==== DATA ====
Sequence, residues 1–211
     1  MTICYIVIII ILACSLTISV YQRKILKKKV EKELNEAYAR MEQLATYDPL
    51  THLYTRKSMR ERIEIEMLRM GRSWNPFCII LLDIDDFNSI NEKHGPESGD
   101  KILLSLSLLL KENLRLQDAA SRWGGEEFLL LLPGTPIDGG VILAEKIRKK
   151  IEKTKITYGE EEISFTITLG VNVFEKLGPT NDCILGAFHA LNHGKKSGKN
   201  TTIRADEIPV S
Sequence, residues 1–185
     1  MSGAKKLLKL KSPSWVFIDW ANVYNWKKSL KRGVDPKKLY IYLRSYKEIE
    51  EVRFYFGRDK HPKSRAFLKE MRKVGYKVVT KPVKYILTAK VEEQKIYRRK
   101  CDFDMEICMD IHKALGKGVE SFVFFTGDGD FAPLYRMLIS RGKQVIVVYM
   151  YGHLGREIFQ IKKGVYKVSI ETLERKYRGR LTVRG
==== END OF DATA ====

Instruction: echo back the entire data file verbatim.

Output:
Sequence, residues 1–211
     1  MTICYIVIII ILACSLTISV YQRKILKKKV EKELNEAYAR MEQLATYDPL
    51  THLYTRKSMR ERIEIEMLRM GRSWNPFCII LLDIDDFNSI NEKHGPESGD
   101  KILLSLSLLL KENLRLQDAA SRWGGEEFLL LLPGTPIDGG VILAEKIRKK
   151  IEKTKITYGE EEISFTITLG VNVFEKLGPT NDCILGAFHA LNHGKKSGKN
   201  TTIRADEIPV S
Sequence, residues 1–185
     1  MSGAKKLLKL KSPSWVFIDW ANVYNWKKSL KRGVDPKKLY IYLRSYKEIE
    51  EVRFYFGRDK HPKSRAFLKE MRKVGYKVVT KPVKYILTAK VEEQKIYRRK
   101  CDFDMEICMD IHKALGKGVE SFVFFTGDGD FAPLYRMLIS RGKQVIVVYM
   151  YGHLGREIFQ IKKGVYKVSI ETLERKYRGR LTVRG